identified_by :current_user allows the current_user method to be used by the channels. connect is being triggered automatically when someone tries to connect to a socket. Here, we set the current user only if they are authenticated. As long as Devise uses Warden for authentication purposes, we can use env['warden'].user to return an ActiveRecord object. If the user is not authenticated simply call reject_unauthorized_connection.

logger.add_tags 'ActionCable', prints out information about a user who has subscribed to a channel into the terminal.

So far so good, but after the message is saved, it should be sent back to the participants of a conversation and be rendered on the page. One of the ways to achieve this is by using a callback and a background job:


# ...
after_create_commit do

after_create_commit is called only after a record was saved and committed.

Here is the background job to broadcast a new message:


class NotificationBroadcastJob < ApplicationJob
    queue_as :default

    def perform(personal_message)
      message = render_message(personal_message)
      ActionCable.server.broadcast "notifications_#{}_channel",
                                   message: message,

      ActionCable.server.broadcast "notifications_#{}_channel",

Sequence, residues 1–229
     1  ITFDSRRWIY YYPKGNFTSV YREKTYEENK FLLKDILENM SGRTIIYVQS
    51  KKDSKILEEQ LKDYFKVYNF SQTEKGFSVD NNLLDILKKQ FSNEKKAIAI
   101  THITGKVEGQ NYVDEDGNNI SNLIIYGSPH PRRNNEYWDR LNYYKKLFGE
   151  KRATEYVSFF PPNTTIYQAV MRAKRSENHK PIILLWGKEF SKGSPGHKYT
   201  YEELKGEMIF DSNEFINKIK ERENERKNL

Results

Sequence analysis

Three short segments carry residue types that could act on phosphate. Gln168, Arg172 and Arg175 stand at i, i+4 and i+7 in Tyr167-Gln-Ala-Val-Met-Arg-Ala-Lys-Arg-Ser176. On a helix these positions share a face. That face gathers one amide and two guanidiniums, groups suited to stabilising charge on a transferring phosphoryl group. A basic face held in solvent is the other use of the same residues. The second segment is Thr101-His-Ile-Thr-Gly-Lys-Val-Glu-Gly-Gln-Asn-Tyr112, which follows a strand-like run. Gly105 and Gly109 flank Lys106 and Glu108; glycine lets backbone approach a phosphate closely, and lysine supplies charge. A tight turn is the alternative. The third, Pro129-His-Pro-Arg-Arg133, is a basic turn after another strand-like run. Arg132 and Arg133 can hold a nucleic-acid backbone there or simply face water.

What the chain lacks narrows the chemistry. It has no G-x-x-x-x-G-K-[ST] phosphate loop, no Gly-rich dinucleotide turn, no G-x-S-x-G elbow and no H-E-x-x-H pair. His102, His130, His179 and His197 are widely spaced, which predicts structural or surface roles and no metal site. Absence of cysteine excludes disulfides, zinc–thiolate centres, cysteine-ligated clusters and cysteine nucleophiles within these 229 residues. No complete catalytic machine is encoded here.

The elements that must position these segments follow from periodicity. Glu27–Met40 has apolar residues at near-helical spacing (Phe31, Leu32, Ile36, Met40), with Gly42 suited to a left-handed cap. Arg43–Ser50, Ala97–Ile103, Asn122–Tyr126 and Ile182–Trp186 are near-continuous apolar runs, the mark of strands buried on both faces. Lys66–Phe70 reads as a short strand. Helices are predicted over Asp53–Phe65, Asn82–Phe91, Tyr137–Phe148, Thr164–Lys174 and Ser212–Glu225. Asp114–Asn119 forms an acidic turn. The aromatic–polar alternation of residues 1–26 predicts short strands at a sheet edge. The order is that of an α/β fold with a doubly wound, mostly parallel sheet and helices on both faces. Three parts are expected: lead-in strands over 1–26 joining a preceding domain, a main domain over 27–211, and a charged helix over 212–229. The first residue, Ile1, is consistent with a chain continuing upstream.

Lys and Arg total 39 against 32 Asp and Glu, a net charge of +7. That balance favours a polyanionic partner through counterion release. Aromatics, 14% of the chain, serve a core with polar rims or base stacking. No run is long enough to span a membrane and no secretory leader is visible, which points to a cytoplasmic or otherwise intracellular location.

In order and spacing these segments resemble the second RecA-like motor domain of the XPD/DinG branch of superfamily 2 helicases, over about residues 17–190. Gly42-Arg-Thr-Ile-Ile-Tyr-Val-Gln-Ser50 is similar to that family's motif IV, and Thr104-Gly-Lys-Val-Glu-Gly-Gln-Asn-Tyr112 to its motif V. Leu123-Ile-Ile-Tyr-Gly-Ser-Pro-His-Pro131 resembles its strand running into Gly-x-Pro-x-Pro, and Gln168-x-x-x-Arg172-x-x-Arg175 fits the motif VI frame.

notification: render_notification(personal_message),
                             message: message,


    def render_notification(message)
      NotificationsController.render partial: 'notifications/notification', locals: {message: message}

    def render_message(message)
      PersonalMessagesController.render partial: 'personal_messages/personal_message',
                                        locals: {personal_message: message}

ActionCable.server.broadcast sends data via a channel. Since, inside notifications_channel.rb, we said stream_from("notifications_#{}_channel"), the same name will be used in the background job.

Here we actually send two broadcasts, one containing the actual message to render and another with the notification. The idea is simple: if a user is currently browsing the conversation to which the message belongs, simply append a new message to the bottom. If, however, they are on some other page, display a small notification message at the bottom right corner saying “You’ve got a new message from…”.